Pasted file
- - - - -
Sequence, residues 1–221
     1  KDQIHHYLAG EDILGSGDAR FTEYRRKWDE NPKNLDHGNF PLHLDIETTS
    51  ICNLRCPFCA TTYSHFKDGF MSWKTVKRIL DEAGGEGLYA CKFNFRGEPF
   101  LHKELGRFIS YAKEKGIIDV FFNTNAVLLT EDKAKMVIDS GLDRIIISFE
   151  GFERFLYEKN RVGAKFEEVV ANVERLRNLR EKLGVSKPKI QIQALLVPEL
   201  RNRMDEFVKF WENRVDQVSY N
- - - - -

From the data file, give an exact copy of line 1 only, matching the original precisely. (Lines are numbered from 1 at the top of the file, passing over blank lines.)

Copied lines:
Sequence, residues 1–221